Jackson Man’s Death Was Not A Result Of Electrocution

Posted on:

< < Back to

Jackson County Coroner Gregory Hawker has now received the autopsy results for Ryan N. Potter, and the results were somewhat unexpected.

Hawker said the autopsy showed that Potter died of a ruptured aorta that was in no way connected to the electrical shock he received at the fairgrounds Friday evening.

Potter, 38, of Oak Hill was cooking in the Cattlemen's booth Friday evening, July 19, when he reportedly stepped on some water soaked electrical wires or cables, and received two or three jolts of electricity. Although conscious and talking, he complained of some numbness in one leg and arm, and his chest area. He was taken by family members to Holzer and then on to Cabell Huntington Hospital where he passed away Saturday evening at approximately 10:40 p.m.

Because of the shocks he incurred prior to his admission to the hospital, and the fact that Potter passed away in a West Virginia hospital, the West Virginia Medical Examiners office ruled Potter's death as "complications of electrocution".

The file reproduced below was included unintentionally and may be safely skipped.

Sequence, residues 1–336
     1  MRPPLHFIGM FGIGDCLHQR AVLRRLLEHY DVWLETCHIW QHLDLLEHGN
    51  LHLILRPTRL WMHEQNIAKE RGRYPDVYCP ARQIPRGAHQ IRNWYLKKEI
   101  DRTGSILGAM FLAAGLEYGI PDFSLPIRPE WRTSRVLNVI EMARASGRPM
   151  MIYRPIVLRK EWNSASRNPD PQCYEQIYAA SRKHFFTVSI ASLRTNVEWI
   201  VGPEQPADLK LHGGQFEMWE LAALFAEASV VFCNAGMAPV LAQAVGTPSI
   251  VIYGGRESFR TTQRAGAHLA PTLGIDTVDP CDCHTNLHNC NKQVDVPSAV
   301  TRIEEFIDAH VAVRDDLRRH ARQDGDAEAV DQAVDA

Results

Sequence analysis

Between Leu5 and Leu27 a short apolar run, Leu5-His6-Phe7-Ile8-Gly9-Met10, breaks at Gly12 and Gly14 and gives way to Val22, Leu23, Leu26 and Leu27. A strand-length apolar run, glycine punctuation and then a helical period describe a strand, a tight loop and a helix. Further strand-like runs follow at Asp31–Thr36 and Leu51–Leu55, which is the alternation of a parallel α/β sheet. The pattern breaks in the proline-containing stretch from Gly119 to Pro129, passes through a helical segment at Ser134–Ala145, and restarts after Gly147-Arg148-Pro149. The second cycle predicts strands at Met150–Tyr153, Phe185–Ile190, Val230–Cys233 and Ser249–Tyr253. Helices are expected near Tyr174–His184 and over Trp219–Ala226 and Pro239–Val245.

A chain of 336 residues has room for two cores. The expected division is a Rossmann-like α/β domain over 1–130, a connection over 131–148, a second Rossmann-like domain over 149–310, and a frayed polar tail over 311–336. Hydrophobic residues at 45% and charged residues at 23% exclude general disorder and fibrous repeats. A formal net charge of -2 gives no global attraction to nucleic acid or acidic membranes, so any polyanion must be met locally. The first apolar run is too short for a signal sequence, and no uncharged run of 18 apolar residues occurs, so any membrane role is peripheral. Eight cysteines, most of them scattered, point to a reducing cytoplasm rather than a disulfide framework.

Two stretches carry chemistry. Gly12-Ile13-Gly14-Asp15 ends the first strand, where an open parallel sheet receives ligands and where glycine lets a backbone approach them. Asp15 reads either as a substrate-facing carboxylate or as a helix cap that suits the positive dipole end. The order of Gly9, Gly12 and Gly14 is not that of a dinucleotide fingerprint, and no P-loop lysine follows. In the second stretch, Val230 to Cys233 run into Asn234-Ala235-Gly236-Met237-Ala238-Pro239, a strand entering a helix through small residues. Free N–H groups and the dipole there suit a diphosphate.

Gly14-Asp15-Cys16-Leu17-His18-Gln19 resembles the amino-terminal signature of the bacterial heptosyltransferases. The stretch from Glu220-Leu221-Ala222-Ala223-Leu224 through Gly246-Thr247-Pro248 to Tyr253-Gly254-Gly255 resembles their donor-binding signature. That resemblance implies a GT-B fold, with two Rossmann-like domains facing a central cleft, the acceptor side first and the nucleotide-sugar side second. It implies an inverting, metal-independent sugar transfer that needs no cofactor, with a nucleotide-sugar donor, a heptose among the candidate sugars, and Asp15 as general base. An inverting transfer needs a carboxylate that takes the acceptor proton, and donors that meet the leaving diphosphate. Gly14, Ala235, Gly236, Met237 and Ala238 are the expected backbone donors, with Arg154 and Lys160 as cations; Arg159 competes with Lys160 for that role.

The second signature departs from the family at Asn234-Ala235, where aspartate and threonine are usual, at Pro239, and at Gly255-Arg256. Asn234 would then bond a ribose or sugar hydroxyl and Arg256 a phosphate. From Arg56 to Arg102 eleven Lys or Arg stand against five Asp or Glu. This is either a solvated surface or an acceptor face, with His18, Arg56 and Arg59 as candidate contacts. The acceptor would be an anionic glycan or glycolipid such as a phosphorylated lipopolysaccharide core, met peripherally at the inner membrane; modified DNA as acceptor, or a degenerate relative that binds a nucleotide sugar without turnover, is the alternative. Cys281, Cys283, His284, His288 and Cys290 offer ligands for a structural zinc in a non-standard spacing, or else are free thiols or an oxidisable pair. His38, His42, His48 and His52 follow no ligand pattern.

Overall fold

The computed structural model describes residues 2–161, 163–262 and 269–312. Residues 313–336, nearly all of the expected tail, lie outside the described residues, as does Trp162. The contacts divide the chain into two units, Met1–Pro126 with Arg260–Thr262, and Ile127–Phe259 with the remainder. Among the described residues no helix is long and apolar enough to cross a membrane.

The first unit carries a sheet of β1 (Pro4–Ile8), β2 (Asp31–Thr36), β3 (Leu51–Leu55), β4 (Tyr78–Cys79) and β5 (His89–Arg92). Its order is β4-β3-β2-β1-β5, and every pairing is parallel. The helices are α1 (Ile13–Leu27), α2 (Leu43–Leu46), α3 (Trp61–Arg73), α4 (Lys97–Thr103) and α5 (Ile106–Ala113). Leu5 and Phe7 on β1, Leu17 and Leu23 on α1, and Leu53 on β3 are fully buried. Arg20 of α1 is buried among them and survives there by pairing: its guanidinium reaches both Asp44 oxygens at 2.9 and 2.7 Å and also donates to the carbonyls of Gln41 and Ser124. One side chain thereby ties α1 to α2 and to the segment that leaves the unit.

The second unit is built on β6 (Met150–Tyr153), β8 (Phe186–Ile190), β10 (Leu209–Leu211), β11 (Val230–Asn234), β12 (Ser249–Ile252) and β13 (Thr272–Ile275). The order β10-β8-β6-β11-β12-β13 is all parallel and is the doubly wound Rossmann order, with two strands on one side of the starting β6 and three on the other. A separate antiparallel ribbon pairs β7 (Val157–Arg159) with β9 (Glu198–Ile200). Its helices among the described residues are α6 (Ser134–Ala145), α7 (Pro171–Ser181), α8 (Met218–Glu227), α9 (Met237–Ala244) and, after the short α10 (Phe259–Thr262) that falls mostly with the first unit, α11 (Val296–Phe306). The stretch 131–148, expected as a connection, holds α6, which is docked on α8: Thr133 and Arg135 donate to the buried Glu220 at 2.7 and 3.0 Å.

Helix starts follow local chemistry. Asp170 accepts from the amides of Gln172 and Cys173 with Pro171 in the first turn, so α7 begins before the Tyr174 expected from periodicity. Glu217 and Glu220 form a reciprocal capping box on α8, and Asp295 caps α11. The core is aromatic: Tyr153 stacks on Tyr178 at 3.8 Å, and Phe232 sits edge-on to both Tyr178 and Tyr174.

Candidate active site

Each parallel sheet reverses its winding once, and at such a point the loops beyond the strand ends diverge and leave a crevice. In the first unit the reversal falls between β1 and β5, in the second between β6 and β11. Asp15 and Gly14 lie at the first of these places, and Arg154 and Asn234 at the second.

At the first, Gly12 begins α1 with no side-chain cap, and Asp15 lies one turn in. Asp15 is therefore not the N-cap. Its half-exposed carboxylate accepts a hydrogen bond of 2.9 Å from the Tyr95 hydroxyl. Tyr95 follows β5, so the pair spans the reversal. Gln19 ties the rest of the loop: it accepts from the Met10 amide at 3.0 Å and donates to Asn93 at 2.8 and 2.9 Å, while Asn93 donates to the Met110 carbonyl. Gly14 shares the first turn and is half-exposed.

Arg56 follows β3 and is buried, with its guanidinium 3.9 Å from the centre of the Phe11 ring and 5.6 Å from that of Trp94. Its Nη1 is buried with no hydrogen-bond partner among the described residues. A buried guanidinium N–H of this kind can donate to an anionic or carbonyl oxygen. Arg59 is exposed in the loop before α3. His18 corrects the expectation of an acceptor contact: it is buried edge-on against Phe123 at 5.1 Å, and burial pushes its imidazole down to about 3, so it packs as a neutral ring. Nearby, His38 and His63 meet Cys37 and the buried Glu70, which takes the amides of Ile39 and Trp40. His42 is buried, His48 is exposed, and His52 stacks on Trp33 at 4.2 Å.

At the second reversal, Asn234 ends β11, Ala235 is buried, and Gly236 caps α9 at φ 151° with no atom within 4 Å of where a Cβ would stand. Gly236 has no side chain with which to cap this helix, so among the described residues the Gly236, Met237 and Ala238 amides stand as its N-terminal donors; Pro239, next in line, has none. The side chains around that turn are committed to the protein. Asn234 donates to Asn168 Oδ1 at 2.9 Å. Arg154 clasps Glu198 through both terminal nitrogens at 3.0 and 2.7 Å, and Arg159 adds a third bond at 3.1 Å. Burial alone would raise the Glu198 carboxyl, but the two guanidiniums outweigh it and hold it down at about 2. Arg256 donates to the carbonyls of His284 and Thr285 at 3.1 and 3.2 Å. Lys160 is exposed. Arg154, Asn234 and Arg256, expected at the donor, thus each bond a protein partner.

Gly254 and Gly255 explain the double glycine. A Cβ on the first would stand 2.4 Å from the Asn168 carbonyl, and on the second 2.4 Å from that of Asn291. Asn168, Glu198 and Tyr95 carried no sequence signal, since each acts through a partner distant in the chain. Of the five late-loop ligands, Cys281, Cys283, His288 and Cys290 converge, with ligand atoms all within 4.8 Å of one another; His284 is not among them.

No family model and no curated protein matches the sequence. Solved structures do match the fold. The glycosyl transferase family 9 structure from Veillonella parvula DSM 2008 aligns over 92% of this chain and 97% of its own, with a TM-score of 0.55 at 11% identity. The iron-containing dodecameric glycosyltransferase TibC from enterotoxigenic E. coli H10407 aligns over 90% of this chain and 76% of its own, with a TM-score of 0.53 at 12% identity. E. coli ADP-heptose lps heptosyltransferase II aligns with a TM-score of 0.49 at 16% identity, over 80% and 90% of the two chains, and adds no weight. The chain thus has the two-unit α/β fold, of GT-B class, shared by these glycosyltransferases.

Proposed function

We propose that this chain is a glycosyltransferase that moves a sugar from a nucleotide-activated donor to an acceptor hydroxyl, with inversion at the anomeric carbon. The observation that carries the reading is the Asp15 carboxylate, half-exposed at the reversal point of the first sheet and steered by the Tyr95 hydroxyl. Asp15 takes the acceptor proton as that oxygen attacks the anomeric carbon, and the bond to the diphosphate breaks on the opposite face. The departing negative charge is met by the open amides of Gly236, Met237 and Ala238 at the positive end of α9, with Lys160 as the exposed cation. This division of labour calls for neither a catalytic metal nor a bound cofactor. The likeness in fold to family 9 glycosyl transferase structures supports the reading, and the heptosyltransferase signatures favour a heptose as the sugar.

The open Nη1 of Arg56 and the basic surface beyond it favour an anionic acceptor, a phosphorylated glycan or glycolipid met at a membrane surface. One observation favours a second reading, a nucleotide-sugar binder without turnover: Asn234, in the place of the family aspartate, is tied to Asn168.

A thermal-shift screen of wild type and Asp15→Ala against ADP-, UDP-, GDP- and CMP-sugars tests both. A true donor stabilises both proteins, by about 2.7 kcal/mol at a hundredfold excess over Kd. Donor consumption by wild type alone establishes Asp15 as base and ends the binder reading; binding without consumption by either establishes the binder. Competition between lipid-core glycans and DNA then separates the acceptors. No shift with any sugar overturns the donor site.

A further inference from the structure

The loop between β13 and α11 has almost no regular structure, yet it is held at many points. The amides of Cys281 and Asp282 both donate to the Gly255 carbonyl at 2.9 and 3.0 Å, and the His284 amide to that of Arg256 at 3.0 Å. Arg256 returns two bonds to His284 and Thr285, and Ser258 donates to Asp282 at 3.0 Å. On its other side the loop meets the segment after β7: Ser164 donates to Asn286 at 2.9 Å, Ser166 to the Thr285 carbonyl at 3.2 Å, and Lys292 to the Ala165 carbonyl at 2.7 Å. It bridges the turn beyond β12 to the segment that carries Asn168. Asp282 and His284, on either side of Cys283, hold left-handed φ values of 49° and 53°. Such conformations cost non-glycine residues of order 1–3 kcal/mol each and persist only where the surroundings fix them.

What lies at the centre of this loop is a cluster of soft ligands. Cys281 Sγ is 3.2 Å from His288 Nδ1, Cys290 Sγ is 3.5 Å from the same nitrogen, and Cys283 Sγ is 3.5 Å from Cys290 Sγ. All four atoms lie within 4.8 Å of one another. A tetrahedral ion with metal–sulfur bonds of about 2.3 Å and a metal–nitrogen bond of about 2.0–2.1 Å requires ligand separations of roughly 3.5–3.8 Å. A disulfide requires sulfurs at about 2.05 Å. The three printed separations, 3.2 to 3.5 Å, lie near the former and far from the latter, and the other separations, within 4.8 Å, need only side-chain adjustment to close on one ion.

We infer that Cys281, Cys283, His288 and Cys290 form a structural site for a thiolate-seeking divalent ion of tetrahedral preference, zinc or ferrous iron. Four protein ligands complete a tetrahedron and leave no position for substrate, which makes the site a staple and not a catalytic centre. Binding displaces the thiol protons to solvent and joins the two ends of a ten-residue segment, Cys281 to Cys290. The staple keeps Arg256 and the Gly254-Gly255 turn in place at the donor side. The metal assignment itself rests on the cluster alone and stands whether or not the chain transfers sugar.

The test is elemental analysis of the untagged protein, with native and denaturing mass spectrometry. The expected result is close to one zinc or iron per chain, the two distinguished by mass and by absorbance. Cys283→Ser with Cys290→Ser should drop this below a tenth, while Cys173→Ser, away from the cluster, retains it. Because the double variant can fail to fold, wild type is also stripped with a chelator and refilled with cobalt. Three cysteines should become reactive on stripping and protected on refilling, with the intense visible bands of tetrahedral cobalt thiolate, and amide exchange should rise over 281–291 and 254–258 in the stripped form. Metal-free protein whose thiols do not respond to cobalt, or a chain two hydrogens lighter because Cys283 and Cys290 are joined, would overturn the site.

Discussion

Hawker was not content with that explanation and indicated that was the reason he sent Potter to Franklin County to be autopsied in the first place, and sure enough, "That wasn't the case at all," Hawker said. "That ruling from the State Medical Examiner was totally incorrect."

Hawker went on to say that the autopsy showed Potter had an enlarged aorta and that when it ruptured there wasn't much that could be done, as the tear was severe enough to even damage a small portion of Potter's heart.

While his family and friends are grieving for his loss, at least they now know the exact cause of his death and no longer have to speculate as to what happened to him.